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Every Thursday night in the outskirts of Lahore, Pakistan, heavily intoxicated Sufi followers take part in festival of music, dancing, and chanting. Beginning around 9pm the deep bass of beats from a long, double-sided drum can be heard from the Madho Lal Hussain Shrine – a thump thump thump fueling vigorous coordinated movements.

You can see this weekly Sufi festival which I attended, in the video above. It’s one of those times where showing you makes much more sense than attempting to describe the unison spinning, headbanging, and guttural chants. A gathering which takes places within a cloud of opium and hashish, dispersing light from small fires lit all around; adding a mystical quality to what you’re seeing. (With a possible contact high included.)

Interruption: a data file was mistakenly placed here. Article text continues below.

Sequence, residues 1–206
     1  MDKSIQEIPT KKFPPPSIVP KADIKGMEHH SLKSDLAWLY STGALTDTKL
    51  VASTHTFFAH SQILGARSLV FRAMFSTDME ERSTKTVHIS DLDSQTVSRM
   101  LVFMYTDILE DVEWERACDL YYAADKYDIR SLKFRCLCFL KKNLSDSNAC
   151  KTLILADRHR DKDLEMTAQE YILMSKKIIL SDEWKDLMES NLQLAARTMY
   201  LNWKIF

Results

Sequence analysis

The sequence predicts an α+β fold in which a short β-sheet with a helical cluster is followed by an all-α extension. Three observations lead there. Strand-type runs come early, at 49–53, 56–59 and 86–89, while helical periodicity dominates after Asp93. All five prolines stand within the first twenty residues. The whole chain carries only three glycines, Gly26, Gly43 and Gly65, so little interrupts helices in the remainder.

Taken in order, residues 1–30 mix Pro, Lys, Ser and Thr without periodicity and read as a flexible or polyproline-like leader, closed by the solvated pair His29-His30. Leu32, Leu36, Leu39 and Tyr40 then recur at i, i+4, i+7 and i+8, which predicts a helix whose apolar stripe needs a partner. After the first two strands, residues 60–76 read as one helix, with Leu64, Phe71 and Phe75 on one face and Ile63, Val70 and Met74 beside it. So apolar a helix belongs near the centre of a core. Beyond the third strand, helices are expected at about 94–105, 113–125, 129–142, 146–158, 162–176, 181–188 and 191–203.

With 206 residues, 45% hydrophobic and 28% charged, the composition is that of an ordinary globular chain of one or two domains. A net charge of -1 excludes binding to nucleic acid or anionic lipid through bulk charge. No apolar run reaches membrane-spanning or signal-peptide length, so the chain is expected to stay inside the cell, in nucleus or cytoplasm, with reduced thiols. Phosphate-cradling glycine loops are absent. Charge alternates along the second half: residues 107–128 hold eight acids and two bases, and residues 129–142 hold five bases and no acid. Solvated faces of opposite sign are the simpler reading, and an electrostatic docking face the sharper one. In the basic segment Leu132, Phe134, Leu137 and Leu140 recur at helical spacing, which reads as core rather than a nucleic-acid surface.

Until the morning the dancers go, spinning and shaking their heads vigorously causing their long black hair to fly in the air. Children play around the shrine, families sit at the steps, while closer to the music groups of men sit around campfires drinking teas and taking heavy hits from joints loaded with opium and weed. You can hear more about my experience right after it happened in this episode of the foXnoMad Podcast.

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As an observer (filming with conspicuous camera and microphone) hardly anyone paid attention to me. Despite the energy, crowds, and semblance of chaos, the atmosphere was relaxed – likely in part due to the actual local atmosphere.

The Sufi festival at the Madho Lal Hussain Shrine is yet another example of what it’s like to travel in Pakistan. An unexpected experience in a country that has more contradictions than it might seem from the outside.